Dealing With Old Age
Posted on December 6, 2010Nobody wants to get old, but few want to die young. So every birthday, we all just fondly remember the good old days as we thank our lucky stars that we made it another year.
Retirement policy in this country (and in the world) needs another look.
More and more people are living to 100 years. If someone retires at 60 and lives to a hundred, that means they are retired for about the same amount of years as they worked. The kicker is that they probably only had their top earnings in about 10 of those years.
If you did a poll of 70 year olds and asked them the question what is your biggest concern, I bet you a fairly high percentage of them would say, “outliving my money.”
That ain’t how it is supposed to be.
Social Security and Medicare have been wonderful programs for a lot of people who rely on these programs to keep them alive for their golden years. But these programs, especially Medicare, are becoming economically unsustainable for this country.
We can’t afford to pay to keep every 90 year old alive for another year with every medicine and procedure known to man and then also pay for our military, especially if we have 20 million 90 year olds hanging around. We just can’t.
But we have a moral dilemma that nobody wants to address. We can’t afford to pay for the health care of all of these people, but morally we can’t afford to let them just die.
Robert Samualson hits on this in his column in the Post today (http://www.washingtonpost.com/wp-dyn/content/article/2010/12/05/AR2010120503303.html?hpid=opinionsbox1) “What the Deficit Commission Left Out”: Modern democracies have created a new morality. Government benefits, once conferred, cannot be revoked. People expect them and consider them property rights. Just as government cannot randomly confiscate property, it cannot withdraw benefits without violating a moral code. The old-fashioned idea that government policies should serve the "national interest" has given way to inertia and squatters' rights. One task of the National Commission on Fiscal Responsibility and Reform - co-chaired by Erskine Bowles and Alan Simpson - was to discredit this self-serving morality. Otherwise, changing the budget will be hard, maybe impossible. If everyone feels morally entitled to existing benefits and tax breaks, public opinion will remain hopelessly muddled: desirous in the abstract of curbing budget deficits but adamant about keeping all of Social Security, Medicare and everything else. Politicians will be scared to make tough decisions for fear of voter reprisals. Unfortunately, Bowles and Simpson ducked this political challenge.”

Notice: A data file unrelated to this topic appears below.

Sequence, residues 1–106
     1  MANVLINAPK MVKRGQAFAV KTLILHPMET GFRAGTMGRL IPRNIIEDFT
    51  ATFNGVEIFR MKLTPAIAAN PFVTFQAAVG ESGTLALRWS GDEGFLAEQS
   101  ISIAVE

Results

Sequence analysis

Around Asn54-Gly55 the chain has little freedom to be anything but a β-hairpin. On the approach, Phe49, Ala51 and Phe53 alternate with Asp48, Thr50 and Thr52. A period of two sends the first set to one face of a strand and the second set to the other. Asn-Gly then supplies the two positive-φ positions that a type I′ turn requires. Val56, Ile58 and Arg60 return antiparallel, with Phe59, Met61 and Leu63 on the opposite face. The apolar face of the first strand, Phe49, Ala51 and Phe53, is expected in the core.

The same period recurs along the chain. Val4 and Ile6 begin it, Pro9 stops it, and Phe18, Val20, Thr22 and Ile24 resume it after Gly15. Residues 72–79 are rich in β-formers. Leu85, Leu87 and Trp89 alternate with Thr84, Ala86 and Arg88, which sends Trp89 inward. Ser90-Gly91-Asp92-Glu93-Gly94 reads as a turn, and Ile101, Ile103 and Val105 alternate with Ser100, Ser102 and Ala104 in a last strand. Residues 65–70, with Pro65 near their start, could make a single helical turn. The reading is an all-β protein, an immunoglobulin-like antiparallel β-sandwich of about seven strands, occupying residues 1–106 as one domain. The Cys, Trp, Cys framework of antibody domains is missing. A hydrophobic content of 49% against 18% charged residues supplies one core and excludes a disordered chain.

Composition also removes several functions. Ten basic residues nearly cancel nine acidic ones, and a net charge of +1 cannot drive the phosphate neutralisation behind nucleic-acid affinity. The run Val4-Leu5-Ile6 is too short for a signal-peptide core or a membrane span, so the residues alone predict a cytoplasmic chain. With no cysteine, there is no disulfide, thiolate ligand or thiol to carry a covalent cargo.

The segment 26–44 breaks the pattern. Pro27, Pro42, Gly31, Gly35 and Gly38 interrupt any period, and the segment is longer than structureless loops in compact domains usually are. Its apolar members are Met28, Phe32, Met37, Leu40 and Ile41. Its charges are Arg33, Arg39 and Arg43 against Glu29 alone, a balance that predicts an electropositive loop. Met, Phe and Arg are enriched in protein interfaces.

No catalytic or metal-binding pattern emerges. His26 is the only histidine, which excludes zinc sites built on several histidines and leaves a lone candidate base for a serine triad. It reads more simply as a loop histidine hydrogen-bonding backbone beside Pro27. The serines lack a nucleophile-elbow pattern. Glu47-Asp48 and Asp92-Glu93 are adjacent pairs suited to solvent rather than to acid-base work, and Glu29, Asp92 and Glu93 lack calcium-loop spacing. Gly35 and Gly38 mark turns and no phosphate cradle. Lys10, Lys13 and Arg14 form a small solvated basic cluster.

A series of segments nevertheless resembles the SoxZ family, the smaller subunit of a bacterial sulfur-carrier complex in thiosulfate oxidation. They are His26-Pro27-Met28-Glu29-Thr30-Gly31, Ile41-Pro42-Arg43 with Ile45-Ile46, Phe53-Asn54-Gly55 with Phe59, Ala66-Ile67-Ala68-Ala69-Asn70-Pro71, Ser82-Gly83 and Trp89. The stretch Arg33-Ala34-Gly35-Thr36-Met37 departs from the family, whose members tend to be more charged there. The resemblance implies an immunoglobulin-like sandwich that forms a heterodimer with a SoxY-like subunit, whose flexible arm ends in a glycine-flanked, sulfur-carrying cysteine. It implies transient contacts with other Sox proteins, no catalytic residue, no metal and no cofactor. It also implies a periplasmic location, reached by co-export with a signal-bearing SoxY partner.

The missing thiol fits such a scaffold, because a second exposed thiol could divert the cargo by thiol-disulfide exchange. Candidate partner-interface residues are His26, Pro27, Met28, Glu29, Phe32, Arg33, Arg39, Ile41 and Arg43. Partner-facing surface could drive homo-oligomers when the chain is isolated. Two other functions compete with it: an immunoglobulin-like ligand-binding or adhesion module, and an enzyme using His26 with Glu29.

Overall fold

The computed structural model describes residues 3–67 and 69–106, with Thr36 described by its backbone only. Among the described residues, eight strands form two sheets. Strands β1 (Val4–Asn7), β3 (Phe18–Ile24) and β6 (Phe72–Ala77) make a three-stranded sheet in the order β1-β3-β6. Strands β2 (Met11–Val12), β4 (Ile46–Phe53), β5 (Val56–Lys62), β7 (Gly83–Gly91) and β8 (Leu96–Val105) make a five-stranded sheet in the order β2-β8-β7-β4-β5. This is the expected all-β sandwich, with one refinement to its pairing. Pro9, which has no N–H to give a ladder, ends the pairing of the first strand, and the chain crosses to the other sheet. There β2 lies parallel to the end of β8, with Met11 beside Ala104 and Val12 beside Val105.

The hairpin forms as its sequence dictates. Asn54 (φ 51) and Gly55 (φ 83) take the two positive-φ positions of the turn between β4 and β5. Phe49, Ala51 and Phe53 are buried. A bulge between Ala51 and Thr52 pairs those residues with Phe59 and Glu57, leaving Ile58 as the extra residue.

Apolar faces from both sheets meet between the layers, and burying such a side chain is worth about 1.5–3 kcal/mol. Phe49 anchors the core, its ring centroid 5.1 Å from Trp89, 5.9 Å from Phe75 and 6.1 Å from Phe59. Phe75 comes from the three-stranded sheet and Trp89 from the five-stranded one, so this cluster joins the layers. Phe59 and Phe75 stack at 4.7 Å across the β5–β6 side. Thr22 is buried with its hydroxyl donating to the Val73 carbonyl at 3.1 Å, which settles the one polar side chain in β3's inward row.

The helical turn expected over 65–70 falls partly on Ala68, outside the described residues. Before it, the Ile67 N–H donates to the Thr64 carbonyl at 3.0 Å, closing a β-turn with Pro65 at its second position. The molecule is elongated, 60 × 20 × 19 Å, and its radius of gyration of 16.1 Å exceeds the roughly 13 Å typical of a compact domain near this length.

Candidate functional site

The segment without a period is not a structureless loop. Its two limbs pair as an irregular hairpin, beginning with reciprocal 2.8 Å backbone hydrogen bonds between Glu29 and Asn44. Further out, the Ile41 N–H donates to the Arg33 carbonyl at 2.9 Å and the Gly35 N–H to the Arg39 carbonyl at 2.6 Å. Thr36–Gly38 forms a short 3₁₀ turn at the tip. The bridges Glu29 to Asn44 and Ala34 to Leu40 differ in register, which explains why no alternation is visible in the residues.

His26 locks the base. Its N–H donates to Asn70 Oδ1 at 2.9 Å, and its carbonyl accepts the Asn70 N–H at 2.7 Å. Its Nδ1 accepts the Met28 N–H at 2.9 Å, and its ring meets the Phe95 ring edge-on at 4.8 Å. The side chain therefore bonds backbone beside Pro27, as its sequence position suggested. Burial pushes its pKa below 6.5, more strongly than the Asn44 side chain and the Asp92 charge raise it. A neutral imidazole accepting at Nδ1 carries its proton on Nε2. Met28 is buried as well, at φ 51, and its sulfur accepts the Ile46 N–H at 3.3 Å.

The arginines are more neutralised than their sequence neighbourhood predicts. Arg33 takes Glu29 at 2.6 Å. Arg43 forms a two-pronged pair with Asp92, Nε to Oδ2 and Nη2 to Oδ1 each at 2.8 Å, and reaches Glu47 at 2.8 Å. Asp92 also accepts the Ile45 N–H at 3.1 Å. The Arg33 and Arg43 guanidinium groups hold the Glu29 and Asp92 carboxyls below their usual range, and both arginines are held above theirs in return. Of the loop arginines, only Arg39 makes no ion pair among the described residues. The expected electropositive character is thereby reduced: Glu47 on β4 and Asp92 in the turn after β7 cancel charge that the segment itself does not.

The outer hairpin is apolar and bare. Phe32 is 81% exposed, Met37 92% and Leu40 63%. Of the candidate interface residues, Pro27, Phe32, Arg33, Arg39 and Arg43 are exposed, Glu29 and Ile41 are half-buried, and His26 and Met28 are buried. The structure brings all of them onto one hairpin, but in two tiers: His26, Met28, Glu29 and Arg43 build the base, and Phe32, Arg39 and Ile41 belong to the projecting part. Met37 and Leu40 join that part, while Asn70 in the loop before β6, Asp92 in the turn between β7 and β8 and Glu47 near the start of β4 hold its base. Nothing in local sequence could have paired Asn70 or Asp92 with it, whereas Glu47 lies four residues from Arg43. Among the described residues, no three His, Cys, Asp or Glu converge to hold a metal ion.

I think they ducked it because they didn’t have much of a choice. They weren’t tasked with coming up with a new social contract between the people and their government. They were tasked with coming up with a plan to balance the budget.
But the two go hand-in-hand.
It is time for a new set of assumptions about how we age and how we work. We are still largely governed by an industrial-era mindset that assumes most people will do physical labor for most of their career, retire at age 65 and then die at age 70. We are also governed by a Depression-era mindset that states that people ought to retire at age 65 (or younger) to clear the way for jobs for younger Americans. That assumes that job creation is a zero-sum game, and that younger people bring the same skills to a job that older people will bring.
Of course, most Americans don’t do physical labor any more. Most people don’t die at age 70. And older Americans bring far different assets to the job (including wisdom, temperament, history etc), than younger employees who bring energy, ambition, and fresh ideas to the workplace.
We need to adapt our assumptions to the new realities. And that doesn’t mean just cutting benefits and letting old people fend for themselves.
I have two ideas.
First, provide tax incentives to keep older Americans on the payroll. Perhaps give companies tax credit for each older American they keep employed and then make it easier for these companies to shift some of the health care cost to Medicare.
One of the complaints I hear from older people is that they would love to work, but that nobody wants to hire them. That is a real problem, one that must be solved if we want to go ahead with the idea of raising the retirement age.
Second, we need to dramatically increase our investment in research into fighting Alzheimer’s disease and Parkinson’s disease. These debilitating illnesses are a far greater threat to our national budget picture than either cancer or heart disease. People with Alzheimer’s and Parkinson’s live a long time, but require constant and very expensive care.
We can’t raise the retirement age and then expect people with these diseases to traipse into work every day. It just doesn’t work.
We are all getting older as a society. We have to deal with it. Keeping older Americans productive and active is not only good for each one of us individually; it is essential if we ever want to get a grip on our long-term budget difficulties.